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"Die Marmelade"

Translation:The jam

October 17, 2015

44 Comments


https://www.duolingo.com/profile/az_p
Mod

    If there are fruit pieces inside (i.e. it's lumpy) then it's Marmalade regardless of the type of fruit. If it's just made from the juice it's Gelee (~jelly).


    https://www.duolingo.com/profile/b3ddobson

    Yes, however if the fruit is mashed into a sauce consistency, in America it is called jam and in Germany Pure'e. People do, sometimes refer to jam as Marmelade but in my experiences they are usually referring to what Americans would call preserves (containing pieces of fruit within).


    https://www.duolingo.com/profile/Wayne____

    In the US, it's called marmalade if it has small pieces of fruit and rind, generally orange and perhaps lemon. Orange marmalade is the only one I commonly see. For fruit such as strawberry, which has no rind, we'd call it jam or preserves if it has pieces of fruit, and jelly if it's a smooth gel without chunks of anything.


    https://www.duolingo.com/profile/adamralph.ch

    Not so in Switzerland, where jam is "Konfitüre" or, more commonly, "Konfi"


    https://www.duolingo.com/profile/InvertedGo

    That's because of the French influence, though, right? Doesn't make it wrong in any way.


    https://www.duolingo.com/profile/yettingb0t

    Yeah because confiture means jam in French


    https://www.duolingo.com/profile/Prost.mate

    I recently received Jam from someone is said Marmelade on it, didn't know it was German. Just kind of new it was Jam.


    https://www.duolingo.com/profile/Angus627424

    Is this used more for jam or marmalade? I think there is enough of a difference.


    https://www.duolingo.com/profile/mizinamo

    In spoken German, everything is "Marmelade".

    Technically speaking, one should differentiate between "Konfitüre" = jam and "Marmelade" = marmelade (the latter being from citrus fruits), and you will see those more precise words on jar labels etc., but you won't hear them much in everyday use.


    https://www.duolingo.com/profile/Aleksandra278494

    Is jam in German at all? I'm confused as to what to think of this since in Polish, all three are used. There are even EU/national laws on how high the content of fruit has to be to count as jam or marmalade!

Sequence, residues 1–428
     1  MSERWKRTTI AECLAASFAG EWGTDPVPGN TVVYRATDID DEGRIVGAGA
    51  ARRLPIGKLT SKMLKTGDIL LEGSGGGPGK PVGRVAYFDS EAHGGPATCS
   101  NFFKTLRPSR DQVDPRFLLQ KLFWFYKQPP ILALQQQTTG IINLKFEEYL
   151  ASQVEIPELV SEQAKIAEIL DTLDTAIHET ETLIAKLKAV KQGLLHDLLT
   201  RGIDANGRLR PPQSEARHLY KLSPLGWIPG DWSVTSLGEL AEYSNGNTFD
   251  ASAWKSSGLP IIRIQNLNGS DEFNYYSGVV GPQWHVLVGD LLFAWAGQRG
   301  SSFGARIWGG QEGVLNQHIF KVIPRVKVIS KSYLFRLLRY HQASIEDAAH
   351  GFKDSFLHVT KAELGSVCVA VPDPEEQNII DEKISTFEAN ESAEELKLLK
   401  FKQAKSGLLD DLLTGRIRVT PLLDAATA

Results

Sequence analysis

https://www.duolingo.com/profile/mizinamo

    Is jam in German at all?

    I've never come across it so far.


    https://www.duolingo.com/profile/SimoneBa

    To Germans, it's all the same thing. We may specify regarding type/flavour, e.g. Orangenmarmelade, Erdbeermarmelade, etc.


    https://www.duolingo.com/profile/picklemanii

    This lesson is my JAM! No? Not funny? ok...


    https://www.duolingo.com/profile/LukeSander390390

    How would different flavours of jam translate into German? Is it like juices where apple juice is apfelsaft so strawberry jam would be erdberremarmelade? Or is there individual words for each since erdberremarmelade seems quite long winded for strawberry jam?


    https://www.duolingo.com/profile/mizinamo

    Is it like juices where apple juice is apfelsaft

    Apfelsaft (capital A; it's a noun)

    so strawberry jam would be erdberremarmelade?

    Yes; strawberry jam is Erdbeermarmelade.

    In this case, the final -e of Beere gets dropped. Similarly with Himbeermarmelade "raspberry jam", Blaubeermarmelade "blueberry jam" etc., and also with Kirschmarmelade "cherry jam" from Kirsche "cherry".

    But orange marmalade would be Orangenmarmelade with Orangen- as in Orangensaft, though the base noun is Orange "orange".

    On the other hand, strawberry juice and cherry juice would be Erdbeersaft, Kirschsaft, so the combining forms are the same here, too.


    https://www.duolingo.com/profile/LukeSander390390

    Danke that was very helpful


    https://www.duolingo.com/profile/b3ddobson

    I revisited this question again today and got the same "wrong answer" response. Here's what I sent in as a comment: This is not correct. Jam, as in strawberry jam is Erdbeere Pueree (literally, strawberry mash). Marmelade means either marmalade like "die Orangenmarmelade or (generically) means preserves like die Erdbeermarmelade. Hopefully this will be changed someday by Duolingo.